Soft drinks vs. hard enamel: which is stronger?

Chris Langley
23 January 2012

Have you ever gone to the dentist and, while working their magic on your teeth, they correctly guess the sort of food and drinks you’ve had lately? This mysterious feat of dental clairvoyance may seem impressive at first, but the evidence is written all over your teeth!

Your teeth are composed of four tissues; enamel, dentin, cementum and pulp. Pulp and cementum are buried in the roots of your teeth, while dentin forms a secondary protective layer underlying the enamel that makes up a tooth’s outer surface. Composed primarily of calcium, enamel is the hardest substance in the human body (harder than bone) but, despite its incredible strength, enamel is highly vulnerable to one of the most common ingredients in fruits and soft drinks. It’s not sugar and it’s not artificial colouring. It’s acid.

Did You Know?
Enamel is your teeth's first line of defence against bacteria and the pressure that comes with chewing. Weakening your enamel can lead to a variety of complications, most notable of which is cavity formation.

Acids, like phosphoric acid, which are added to soft drinks to give them that sharp flavour, and citric acid, which occurs naturally in citrus fruits and gives soft drinks their sour taste, break down tooth enamel by a process called "demineralization". Demineralization occurs when the acids strip calcium away from the tooth’s surface, eventually revealing the soft, susceptible dentin underneath and allowing for rapid cavity development. It is this reduction of your teeth’s protective enamel coating that dentists see when you go in for checkups and if it’s particularly thin, especially in your front teeth which are bathed in beverages guzzled from a glass or can, they can usually tell what you’ve been drinking. As enamel thins, it becomes transparent and is easy to spot because it makes the edges of your teeth see-through!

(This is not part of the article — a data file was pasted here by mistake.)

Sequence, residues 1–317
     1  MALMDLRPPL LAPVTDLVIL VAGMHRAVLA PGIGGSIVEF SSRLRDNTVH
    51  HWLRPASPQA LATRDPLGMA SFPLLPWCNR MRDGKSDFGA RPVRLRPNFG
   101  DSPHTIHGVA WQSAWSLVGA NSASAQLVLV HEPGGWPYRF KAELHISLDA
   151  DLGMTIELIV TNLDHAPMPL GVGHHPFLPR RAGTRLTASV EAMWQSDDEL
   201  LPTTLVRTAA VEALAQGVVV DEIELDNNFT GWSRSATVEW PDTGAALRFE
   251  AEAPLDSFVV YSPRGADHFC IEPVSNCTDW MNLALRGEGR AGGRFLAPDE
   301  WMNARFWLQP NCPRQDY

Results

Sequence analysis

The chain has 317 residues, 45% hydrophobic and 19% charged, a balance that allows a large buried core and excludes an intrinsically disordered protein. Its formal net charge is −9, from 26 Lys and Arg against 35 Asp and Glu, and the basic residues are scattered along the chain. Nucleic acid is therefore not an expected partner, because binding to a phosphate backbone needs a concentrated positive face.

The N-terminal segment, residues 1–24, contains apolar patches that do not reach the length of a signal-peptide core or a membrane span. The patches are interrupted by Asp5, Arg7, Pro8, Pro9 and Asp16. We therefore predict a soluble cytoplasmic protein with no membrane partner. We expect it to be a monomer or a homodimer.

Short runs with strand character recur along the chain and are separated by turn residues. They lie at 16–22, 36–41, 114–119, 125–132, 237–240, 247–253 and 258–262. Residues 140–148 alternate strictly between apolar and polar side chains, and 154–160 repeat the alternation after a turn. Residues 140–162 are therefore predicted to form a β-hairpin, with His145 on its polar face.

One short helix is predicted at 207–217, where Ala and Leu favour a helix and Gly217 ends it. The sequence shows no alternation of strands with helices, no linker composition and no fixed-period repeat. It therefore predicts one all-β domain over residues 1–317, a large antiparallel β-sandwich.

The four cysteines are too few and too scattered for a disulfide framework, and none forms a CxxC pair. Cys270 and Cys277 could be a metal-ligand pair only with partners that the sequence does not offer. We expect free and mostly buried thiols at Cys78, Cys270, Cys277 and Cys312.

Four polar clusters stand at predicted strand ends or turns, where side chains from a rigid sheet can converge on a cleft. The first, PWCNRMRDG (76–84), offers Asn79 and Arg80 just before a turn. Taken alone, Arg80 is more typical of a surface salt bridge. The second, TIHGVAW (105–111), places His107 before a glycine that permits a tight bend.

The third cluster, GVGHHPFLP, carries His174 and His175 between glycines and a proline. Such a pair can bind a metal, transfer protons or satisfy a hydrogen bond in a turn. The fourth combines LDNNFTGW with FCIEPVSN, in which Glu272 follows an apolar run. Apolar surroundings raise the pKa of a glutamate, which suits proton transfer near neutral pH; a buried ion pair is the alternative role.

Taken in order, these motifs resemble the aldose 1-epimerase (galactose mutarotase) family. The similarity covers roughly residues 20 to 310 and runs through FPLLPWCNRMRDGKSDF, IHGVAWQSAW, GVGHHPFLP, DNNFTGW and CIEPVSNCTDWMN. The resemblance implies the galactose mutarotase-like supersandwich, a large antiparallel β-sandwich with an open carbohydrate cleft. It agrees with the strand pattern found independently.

Did You Know?
You can reduce the risk fruit and soft drinks pose to your teeth by drinking them with a straw, sparing your enamel an acid bath.

Before you purge your fridge of juice and pop, you should know that demineralization is a reversible process. "Remineralization" happens every time you brush your teeth and consume calcium-rich foods/drinks by reinforcing your enamel with fluoride and calcium, respectively.

Fast Fact: The “safest” soft drink for teeth is root beer because it’s the least acidic. Root beers are often non-carbonated and contain little to no phosphoric and citric acid, unlike their enamel-destroying counterparts.

So the next time you’re wondering why your dentist gets grumpy when they discover your acidic eating habits, you’ll know why they’re so concerned.

Learn More!

The role of fluoride in preventing tooth decay

Guide to brushing your teeth

Introduction to enamel from You Tube


General enamel information

Acids in soft drinks

Acids in fruit/fruit juice

Study that determined root beer was least acidic soft drink

Article first published on August 27, 2010.

Chris Langley

Chris is a graduate student at the University of Guelph where he studies molecular and cellular biology - more specifically the bioremediation of environments polluted by harmful pesticides and the detoxification of chemical warfare agents using bacterial proteins.  Chris obtained his undergraduate degree in microbiology and he's worked at Campbell's Soup Canada, in Toronto, developing new soups that are now on grocery store shelves (you might have tried some!).  Chris has also spent time at the National Research Council of Canada in Ottawa as an antibody engineer in search of a vaccine against the avian flu.  In his down time Chris likes to watch and read sci-fi movies and books, play piano/guitar, work on graphic design projects and write scientific articles for the general public.

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